Capcom is a Japanese video game developer and publisher founded to design, create, and sell video games. The company was created under the name I.R.M. Corporation in 1979 by Kenzo Tsujimoto, who was also president of Irem at the time. I.R.M. formed a subsidiary called Japan Capsule Computers Co., Ltd. In 1981, I.R.M. changed names to Sambi Co., Ltd., and in 1983, Japan Capsule Computers was shortened to Capcom. In 1989, Sambi and Capcom merged and kept the name Capcom.
During the NES era, Capcom had, in my opinion, the system's best graphic work and most advanced sound engine. Also, unlike most companies, Capcom consistently released solid games, even when making 3rd party titles, which was rare. However, despite having superior art and sound, Capcom ranks as my second-favorite game designer of the era, falling short to Nintendo. There are two main reasons why Capcom isn't my favorite: their games were usually plagued by obnoxious difficulty levels, and their games were more formulaic and less intriguing than Nintendo's. I'm less familiar with Capcom's work after the 16-bit era. One of the things I definitely have to give Capcom credit for is, like Tecmo, when they ported their arcade games to home consoles, they changed them to be more conducive to home play. Examples include Bionic Commando, Section-Z, and Willow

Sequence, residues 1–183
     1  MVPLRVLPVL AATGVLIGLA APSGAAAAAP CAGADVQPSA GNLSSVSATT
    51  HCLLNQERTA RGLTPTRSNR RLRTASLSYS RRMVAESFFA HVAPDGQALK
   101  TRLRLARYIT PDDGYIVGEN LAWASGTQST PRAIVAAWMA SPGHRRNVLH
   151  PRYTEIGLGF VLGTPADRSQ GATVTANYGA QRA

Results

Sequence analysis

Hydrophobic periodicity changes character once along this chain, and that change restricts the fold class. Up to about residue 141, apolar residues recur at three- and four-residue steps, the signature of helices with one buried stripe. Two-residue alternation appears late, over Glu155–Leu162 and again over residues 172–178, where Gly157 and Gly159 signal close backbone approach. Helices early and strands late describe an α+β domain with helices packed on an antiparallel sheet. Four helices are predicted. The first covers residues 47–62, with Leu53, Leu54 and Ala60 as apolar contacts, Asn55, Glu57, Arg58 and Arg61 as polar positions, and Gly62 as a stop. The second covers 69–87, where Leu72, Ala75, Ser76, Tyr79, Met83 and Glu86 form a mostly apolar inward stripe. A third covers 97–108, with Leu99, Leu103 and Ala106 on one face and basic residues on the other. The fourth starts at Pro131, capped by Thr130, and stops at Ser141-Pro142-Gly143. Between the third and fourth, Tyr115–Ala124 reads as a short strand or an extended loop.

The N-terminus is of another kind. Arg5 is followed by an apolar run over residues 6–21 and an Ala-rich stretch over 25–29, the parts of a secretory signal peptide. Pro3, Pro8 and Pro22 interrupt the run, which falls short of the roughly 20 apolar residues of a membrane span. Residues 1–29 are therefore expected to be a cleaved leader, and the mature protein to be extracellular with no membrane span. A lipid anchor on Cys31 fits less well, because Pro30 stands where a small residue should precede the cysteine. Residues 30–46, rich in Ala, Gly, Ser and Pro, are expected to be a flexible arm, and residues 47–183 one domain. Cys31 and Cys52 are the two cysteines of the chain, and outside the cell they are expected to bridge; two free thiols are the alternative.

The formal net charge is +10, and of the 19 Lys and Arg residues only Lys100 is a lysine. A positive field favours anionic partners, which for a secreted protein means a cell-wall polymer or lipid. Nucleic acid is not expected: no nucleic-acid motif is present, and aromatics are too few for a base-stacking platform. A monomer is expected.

Capcom really had a problem with figuring out the correct level of difficulty. Even many of their games target toward children, like Little Nemo: The Dream Master were obscenely hard, even for hardened adult gamers. Occasionally the designers would go the other route and make a particularly easy game like Chip 'N Dale: Rescue Rangers, but only very rarely were able to dial the difficulty in just right and make a game that is challenging, but not ridiculous, like DuckTales.
Here are some of the games Capcom created that are important to me.
During the NES era, Capcom redesigned their North American box layout a couple times.
These are people who worked at Capcom whose work I appreciate.